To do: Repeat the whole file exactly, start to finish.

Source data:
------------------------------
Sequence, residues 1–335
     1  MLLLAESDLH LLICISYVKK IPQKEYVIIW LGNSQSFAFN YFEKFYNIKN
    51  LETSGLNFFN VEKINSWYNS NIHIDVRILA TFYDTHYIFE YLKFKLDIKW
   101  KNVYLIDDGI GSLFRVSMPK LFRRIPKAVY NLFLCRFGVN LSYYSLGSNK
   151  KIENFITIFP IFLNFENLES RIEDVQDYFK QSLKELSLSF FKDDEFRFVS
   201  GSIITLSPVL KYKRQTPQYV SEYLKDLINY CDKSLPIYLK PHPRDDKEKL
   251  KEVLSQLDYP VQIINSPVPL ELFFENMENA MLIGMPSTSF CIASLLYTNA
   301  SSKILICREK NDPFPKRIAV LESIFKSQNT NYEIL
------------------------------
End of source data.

Sequence, residues 1–335
     1  MLLLAESDLH LLICISYVKK IPQKEYVIIW LGNSQSFAFN YFEKFYNIKN
    51  LETSGLNFFN VEKINSWYNS NIHIDVRILA TFYDTHYIFE YLKFKLDIKW
   101  KNVYLIDDGI GSLFRVSMPK LFRRIPKAVY NLFLCRFGVN LSYYSLGSNK
   151  KIENFITIFP IFLNFENLES RIEDVQDYFK QSLKELSLSF FKDDEFRFVS
   201  GSIITLSPVL KYKRQTPQYV SEYLKDLINY CDKSLPIYLK PHPRDDKEKL
   251  KEVLSQLDYP VQIINSPVPL ELFFENMENA MLIGMPSTSF CIASLLYTNA
   301  SSKILICREK NDPFPKRIAV LESIFKSQNT NYEIL